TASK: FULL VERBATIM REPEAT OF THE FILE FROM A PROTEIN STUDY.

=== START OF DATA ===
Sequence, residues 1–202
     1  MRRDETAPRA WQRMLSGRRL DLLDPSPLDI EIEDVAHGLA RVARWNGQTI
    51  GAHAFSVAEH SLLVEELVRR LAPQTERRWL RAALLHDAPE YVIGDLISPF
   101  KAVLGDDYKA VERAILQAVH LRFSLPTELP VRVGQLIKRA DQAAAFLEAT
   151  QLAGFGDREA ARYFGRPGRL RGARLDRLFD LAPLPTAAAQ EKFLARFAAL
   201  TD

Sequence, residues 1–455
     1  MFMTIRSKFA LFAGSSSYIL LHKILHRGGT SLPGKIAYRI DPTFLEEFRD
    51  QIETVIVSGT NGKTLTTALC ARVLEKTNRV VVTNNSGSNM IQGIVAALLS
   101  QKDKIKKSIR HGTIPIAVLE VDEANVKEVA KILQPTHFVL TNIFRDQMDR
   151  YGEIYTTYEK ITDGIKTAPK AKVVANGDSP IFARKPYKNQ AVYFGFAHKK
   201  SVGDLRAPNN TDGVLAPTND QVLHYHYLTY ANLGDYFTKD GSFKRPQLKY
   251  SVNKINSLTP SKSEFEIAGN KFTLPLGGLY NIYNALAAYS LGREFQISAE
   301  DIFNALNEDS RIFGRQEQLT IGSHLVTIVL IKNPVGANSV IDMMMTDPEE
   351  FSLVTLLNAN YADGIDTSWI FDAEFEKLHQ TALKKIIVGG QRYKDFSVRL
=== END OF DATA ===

Sequence, residues 1–202
     1  MRRDETAPRA WQRMLSGRRL DLLDPSPLDI EIEDVAHGLA RVARWNGQTI
    51  GAHAFSVAEH SLLVEELVRR LAPQTERRWL RAALLHDAPE YVIGDLISPF
   101  KAVLGDDYKA VERAILQAVH LRFSLPTELP VRVGQLIKRA DQAAAFLEAT
   151  QLAGFGDREA ARYFGRPGRL RGARLDRLFD LAPLPTAAAQ EKFLARFAAL
   201  TD

Sequence, residues 1–455
     1  MFMTIRSKFA LFAGSSSYIL LHKILHRGGT SLPGKIAYRI DPTFLEEFRD
    51  QIETVIVSGT NGKTLTTALC ARVLEKTNRV VVTNNSGSNM IQGIVAALLS
   101  QKDKIKKSIR HGTIPIAVLE VDEANVKEVA KILQPTHFVL TNIFRDQMDR
   151  YGEIYTTYEK ITDGIKTAPK AKVVANGDSP IFARKPYKNQ AVYFGFAHKK
   201  SVGDLRAPNN TDGVLAPTND QVLHYHYLTY ANLGDYFTKD GSFKRPQLKY
   251  SVNKINSLTP SKSEFEIAGN KFTLPLGGLY NIYNALAAYS LGREFQISAE
   301  DIFNALNEDS RIFGRQEQLT IGSHLVTIVL IKNPVGANSV IDMMMTDPEE
   351  FSLVTLLNAN YADGIDTSWI FDAEFEKLHQ TALKKIIVGG QRYKDFSVRL